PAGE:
Like many of us over 50, what I used to get away with in my 20s and 30s (health-wise), has now been swapped for good, or maybe, better habits. I am enlightened.
I have organic eggs in my refrigerator. I try to buy my vegetables from organic markets. My family laughs at the assortment of prescriptions and supplements I take for the usual middle-age conditions, such as high blood pressure and arthritis. And yet, I still learned, if not, relearned a lot from Dr Vendryes' book.
Popular science tells us that habits are easier to make than to break. Breaking a habit is a lot more complicated, because, while parts of those worn-in pathways can weaken without use, they never go away. I surmise that is why there are still so many smokers and why obesity is at epidemic proportions. We know why we shouldn't smoke and why we should eat correctly and get plenty of exercise, but as humans, we still fall back into our old habits. The good news is that there is the belief that if you repeat a (new) behaviour often enough, those new, synaptic pathways are going to get worn in. New health-and-wellness habits can be formed and incorporated into our lifestyles.
Form new patterns
The secret is to form a new, parallel pattern, like exercising when you feel stressed, rather than indulging in a cigarette. One of the principles I learned from Dr Vendryes' book is how to incorporate new habits while eliminating old ones. An Ounce of Prevention is an easy read and almost more of a reference guide. Broken into six sections with sub-chapters within each, Vendryes' book covers the following topics: Wellness Concepts; Healthy Agents & Practices; General Problems; Female Issues; Danger Areas; and Weight Management. Not surprisingly, there is redundancy in the information gleaned in each section. That is because these are fundamental wellness habits Dr Vendryes wants us to incorporate into our lives. Make these our good habits. I am reassured that the author has endorsed many of the supplements that I already take daily, such as fish oil and multivitamins. I forgot the great benefits of green tea and started a new habit this week of drinking at least one cup each day.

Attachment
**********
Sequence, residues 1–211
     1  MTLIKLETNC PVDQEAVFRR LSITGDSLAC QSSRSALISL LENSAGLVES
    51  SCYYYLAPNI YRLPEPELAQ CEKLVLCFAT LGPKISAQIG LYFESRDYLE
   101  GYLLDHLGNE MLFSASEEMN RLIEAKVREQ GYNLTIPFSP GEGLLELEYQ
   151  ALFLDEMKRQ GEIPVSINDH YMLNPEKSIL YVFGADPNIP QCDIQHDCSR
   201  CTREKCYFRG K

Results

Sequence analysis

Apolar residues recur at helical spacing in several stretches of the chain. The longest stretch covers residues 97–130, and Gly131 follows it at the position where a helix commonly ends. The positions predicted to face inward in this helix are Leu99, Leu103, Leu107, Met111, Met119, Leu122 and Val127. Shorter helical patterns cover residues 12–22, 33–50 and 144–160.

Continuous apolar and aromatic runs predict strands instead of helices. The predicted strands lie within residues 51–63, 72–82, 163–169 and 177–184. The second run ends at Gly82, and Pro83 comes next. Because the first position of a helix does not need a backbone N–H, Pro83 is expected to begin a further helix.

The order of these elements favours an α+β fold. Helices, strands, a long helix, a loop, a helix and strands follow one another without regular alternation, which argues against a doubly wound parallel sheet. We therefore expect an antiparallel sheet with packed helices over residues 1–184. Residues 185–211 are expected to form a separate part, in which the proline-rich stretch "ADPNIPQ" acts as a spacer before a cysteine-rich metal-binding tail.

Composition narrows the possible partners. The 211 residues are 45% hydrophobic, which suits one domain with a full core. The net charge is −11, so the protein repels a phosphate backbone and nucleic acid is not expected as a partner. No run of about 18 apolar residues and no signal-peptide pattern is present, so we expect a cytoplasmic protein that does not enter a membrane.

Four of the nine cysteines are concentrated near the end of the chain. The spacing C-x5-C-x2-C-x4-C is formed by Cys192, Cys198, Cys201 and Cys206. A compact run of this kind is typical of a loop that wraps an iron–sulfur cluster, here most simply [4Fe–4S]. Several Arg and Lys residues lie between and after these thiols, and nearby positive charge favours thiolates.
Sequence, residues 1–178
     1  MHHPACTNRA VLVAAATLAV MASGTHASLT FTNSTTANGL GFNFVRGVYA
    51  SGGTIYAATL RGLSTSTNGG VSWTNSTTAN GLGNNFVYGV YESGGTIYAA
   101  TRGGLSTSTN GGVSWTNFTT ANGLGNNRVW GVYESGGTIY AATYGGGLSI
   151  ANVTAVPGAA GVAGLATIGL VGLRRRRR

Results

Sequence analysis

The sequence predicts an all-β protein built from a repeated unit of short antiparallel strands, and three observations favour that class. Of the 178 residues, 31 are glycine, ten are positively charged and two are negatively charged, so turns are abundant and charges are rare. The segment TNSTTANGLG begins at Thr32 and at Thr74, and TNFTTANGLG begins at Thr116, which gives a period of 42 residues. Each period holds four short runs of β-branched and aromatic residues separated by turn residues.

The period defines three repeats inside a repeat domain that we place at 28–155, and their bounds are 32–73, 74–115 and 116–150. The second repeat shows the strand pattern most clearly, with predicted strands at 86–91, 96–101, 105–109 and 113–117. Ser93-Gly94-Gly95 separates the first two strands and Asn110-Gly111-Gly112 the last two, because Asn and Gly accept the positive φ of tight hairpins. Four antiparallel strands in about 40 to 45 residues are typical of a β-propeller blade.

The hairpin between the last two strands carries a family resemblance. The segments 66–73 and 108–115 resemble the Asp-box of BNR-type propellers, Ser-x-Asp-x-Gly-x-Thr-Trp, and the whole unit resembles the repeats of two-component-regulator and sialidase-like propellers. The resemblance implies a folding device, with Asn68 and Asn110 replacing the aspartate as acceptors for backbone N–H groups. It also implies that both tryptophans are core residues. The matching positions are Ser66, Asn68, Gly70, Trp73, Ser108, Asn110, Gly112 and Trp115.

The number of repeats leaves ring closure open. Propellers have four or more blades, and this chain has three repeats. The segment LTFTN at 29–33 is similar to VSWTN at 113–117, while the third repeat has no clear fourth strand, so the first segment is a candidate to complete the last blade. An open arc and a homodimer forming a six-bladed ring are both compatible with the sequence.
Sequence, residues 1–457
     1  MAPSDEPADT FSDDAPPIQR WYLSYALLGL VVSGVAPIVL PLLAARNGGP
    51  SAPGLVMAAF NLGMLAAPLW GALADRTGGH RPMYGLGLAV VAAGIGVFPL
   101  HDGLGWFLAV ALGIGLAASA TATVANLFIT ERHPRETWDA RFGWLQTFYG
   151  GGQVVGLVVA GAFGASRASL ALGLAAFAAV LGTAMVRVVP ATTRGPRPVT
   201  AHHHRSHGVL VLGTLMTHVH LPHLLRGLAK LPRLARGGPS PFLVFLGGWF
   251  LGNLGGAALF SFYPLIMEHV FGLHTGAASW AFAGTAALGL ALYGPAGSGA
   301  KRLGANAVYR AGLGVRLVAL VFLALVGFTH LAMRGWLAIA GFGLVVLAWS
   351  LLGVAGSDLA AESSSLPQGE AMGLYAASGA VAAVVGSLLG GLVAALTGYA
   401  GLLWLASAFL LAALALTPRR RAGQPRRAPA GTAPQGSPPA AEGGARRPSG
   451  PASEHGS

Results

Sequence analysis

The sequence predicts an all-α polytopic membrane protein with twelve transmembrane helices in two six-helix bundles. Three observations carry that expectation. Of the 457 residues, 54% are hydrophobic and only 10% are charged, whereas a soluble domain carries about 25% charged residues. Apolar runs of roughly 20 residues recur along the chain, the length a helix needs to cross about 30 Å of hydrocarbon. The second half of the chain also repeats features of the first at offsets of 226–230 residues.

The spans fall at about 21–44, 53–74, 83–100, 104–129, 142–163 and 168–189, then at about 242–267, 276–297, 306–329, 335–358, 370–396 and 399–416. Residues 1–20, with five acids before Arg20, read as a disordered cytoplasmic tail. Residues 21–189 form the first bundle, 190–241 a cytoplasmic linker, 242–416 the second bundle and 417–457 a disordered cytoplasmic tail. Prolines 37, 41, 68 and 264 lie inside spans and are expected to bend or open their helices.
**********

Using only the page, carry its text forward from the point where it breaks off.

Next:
As a cancer survivor with a history of Alzheimer's disease in my family, I read with great interest the benefit of exercise and diet relative to these two diseases. I now reflect on my late mother's life and realised she had terrible eating habits caused by poor planning around a difficult work schedule, while never exercising. Perhaps she would be with us today if health-and-wellness knowledge was as readily available in her lifetime as it is today.
Dr Vendryes' book explains the cause of many health problems while offering safer and more natural interventions. Additionally, he devotes a whole section to 'Danger Areas', such as the harmful effects of artificial sweeteners, cellphones, microwave ovens, MSG, mercury, sugar and trans-fats.
The final section is devoted to 'Weight Management'. Here, he gives the reader a commercial for Herbalife because he believes in that programme's benefits. But I think that every reputable wellness programme can improve weight management and overall good health.
Dr Vendryes articulates that the foundation of health is rooted in four pillars: nutrition, exercise, detoxification and stress management.
While these simple but powerful processes form the basis for his approach to health and wellness, here are the key reminders that will go a long way to bolster one's constitution : 1) Don't smoke; 2) Have a balanced nutrition with an emphasis on natural high fibre. Eat more plants and less animal proteins. Avoid sugars and trans-fats; 3) Take more nutritional supplements (specifically fish oil, and the antioxidant ACES (Vitamins A, C and E, and Selenium); 4) Drink more water; 5) Go into the sunlight and get your Vitamin D; and 5) Lose the excess fat.
Dr Vendryes also adds quotes, proverbs and reflections that reinforce the invaluable and resounding message of his work. They are all very interesting, but the one axiom that italicises An Ounce of Prevention is found on page 165. It states, "Knowledge is Power. Put this knowledge to work for you." Now off to have a nice glass of water while I make myself a cup of green tea. New habit formed.
Rating: Highly recommended
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